Electronic Journal e-Learning Volume 5 Issue 3 2007 (219-226)

sequential playback does not serve the learners needs, especially when used as additional material for preparing tests and exams. Instead users want to easily navigate within the electronic lecture (Zupancic and Horz 2002). Therefore common controls like play and pause should be completed with random access via timeline navigation controlled by a visual slider. Furthermore specialized interface controls make sense for replaying the lecture at a different speed while maintaining pitch. Hürst presents such a novel way of audio browsing with an elastic slider controlling the speed of replay (Hürst et al. 2005). Moreover learners need to directly locate and access certain points, like chapters or individual slides. For this timestamps or indices are used, which have to be embedded in the lectures media files and user interface. Additional posterframes corresponding to the timestamps can further simplify visual selection of relevant portions. In order to enable users to inspect the lectures content rapidly, search and retrieval features are required. Prerequisite for both navigation and search is the ability of the recording system to access and gather relevant symbolic and structural metadata from the presentation’s content. This requirement and its relation to the flexibility of presentation offered by the system is the key aspect of this paper and is further investigated in the remaining parts.

2. Lecture recording approaches To facilitate the identified features of navigation and retrieval, the process of capturing the presentation’s content is of critical importance. While the recording of audio and video stays the same for different approaches, concepts of existing systems vary a lot regarding the visual presentation. Early suggestions were based on simply recording a blackboard or overhead projection with video cameras, which inevitably lead to unacceptable quality of the presentation (Lauer and Ottmann 2002). In contrast, modern lecture recording systems are part of an all-digital-environment and therefore can be grouped into different categories, regarding the representation of content (Ziewer 2006): 1. Symbolic Recorders (input grabbing) 2. Screen Recorders (output grabbing) 3. Hybrid Systems

2.1 Symbolic recorders Symbolic Recorders (figure 1) make use of a priori knowledge concerning the presentation’s input to obtain needed metadata for navigational indices and search functionality. These systems directly store content in symbolic representation, which has to be interpreted during any replay. Hence, a special player software has to be used, which makes it possible to adapt playback to different devices. Textual symbol information of every slide is included in the final lecture media and enables searching. Events like switching through the slides of a presentation trigger the recorder to set timestamps for playback and slide-based navigation. According to this, symbolic recorders must at least have a connection to the presentation software in order to receive this information. In most cases they are tightly integrated with the presentation software, thus vitally depending on it. Particularly, the flexibility of the presentation’s content is determined by the presentation software.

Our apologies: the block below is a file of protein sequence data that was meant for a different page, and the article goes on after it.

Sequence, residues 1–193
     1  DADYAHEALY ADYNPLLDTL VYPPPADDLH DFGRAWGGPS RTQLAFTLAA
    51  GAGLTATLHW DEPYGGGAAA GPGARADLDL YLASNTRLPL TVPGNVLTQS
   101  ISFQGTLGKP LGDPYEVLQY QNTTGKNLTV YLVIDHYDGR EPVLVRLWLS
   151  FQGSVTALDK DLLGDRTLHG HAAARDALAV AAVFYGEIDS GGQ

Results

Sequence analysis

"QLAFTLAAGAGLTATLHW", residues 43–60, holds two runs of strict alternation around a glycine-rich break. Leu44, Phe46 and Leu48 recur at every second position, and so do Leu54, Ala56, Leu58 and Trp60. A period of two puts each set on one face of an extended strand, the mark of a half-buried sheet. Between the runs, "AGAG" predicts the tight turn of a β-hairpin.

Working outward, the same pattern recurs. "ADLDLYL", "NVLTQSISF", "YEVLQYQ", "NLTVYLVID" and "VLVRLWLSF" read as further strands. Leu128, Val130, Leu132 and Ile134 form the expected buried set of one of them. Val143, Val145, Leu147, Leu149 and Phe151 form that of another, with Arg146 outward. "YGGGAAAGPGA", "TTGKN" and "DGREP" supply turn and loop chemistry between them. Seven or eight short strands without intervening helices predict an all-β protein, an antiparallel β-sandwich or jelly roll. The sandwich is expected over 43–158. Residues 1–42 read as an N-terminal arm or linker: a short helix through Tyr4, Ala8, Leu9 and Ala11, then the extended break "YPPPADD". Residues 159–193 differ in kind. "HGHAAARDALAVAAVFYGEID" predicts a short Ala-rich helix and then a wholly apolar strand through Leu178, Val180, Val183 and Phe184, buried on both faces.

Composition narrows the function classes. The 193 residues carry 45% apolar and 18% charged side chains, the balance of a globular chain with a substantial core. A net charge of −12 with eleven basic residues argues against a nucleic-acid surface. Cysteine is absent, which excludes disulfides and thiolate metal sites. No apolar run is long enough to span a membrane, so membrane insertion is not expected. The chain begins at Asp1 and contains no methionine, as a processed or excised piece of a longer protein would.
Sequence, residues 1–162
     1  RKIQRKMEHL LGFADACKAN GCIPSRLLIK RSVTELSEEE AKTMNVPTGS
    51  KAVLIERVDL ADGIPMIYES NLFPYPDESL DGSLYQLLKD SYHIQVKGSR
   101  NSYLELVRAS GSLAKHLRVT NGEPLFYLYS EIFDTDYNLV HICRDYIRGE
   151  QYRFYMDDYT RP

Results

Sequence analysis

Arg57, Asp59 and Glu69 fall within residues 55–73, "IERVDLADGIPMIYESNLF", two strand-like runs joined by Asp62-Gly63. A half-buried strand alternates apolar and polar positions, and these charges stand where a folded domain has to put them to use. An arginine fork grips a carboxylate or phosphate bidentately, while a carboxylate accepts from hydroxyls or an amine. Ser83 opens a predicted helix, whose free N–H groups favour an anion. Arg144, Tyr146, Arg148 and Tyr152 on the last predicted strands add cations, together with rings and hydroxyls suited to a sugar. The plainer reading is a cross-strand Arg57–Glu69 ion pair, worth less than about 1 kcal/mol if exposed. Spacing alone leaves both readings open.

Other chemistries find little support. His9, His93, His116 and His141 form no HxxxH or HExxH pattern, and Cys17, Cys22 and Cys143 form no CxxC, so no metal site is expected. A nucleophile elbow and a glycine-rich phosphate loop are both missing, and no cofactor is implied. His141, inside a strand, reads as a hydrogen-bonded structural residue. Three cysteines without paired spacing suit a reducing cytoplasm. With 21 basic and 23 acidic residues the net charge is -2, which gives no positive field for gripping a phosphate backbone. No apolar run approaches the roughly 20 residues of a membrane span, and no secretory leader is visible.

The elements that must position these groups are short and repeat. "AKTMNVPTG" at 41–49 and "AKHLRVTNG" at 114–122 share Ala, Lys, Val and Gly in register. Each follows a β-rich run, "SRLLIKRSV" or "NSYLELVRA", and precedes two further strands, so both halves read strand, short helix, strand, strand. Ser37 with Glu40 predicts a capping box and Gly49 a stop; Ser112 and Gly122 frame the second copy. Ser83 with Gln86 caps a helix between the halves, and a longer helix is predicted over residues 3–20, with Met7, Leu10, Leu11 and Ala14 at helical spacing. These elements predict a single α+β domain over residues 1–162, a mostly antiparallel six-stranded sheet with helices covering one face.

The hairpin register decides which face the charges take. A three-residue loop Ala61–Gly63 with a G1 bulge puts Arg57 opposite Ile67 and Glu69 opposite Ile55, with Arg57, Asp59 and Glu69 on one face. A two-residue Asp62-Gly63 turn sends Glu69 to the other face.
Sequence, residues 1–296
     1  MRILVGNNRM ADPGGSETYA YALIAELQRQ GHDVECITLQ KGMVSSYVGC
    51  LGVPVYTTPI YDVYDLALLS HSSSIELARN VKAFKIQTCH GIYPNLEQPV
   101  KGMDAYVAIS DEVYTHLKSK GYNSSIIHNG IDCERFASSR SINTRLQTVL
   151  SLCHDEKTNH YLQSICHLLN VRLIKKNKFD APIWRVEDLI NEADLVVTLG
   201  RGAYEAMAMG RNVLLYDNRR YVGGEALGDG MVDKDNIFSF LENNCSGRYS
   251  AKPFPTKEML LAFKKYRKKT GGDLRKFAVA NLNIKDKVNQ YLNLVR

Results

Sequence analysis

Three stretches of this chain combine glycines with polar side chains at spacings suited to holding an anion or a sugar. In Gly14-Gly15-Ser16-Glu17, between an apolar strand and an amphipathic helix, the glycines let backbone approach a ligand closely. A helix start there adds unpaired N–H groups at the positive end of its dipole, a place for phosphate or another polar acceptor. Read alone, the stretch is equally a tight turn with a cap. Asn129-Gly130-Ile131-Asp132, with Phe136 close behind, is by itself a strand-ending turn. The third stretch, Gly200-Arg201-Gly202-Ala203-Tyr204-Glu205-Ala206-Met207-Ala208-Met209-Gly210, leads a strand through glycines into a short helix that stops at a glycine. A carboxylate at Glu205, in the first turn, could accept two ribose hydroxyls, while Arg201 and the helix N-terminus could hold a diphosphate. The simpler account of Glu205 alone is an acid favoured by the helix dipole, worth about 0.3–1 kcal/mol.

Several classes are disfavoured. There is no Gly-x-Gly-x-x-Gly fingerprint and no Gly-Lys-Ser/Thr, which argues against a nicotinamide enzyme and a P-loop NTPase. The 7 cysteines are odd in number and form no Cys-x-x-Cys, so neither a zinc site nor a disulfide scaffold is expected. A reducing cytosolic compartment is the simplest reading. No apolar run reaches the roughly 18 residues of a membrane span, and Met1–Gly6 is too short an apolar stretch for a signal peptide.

Figure 1: Symbolic recorders

2.2 Screen recorders In contrast Screen Recorders (figure 2) are fully independent of the presentation content and software. They get the visual output by either directly grabbing the computers graphics buffer or its output via a VGAgrabber card. In return they do not have any prior information to directly derive required navigational and retrieval metadata, which has to be extensively post-processed from the recorded video stream. This independence in turn results in virtually unlimited flexibility of presentation. Besides conventional

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presentation software, every other program can be executed and recorded, which is especially useful for simulations, programming exercises and other sophisticated applications.

Figure 2: Screen recorders

2.3 Hybrid systems Hybrid systems (figure 3) combine key aspects of these two approaches. While grabbing the visual presentation’s output (screen recording), connecting this recorder with the presentation software directly provides symbolic information for searching and timestamps for navigation (symbolic recording). This concept permits mixed usage of the designated presentation software together with any other software. Of course derivation of navigation and search metadata is limited rather strictly and basically only covers the presentations software’s content. Equal to pure symbolic recorders the presentation software of hybrid systems determines which input formats and features are supported to offer full derivation of needed metadata.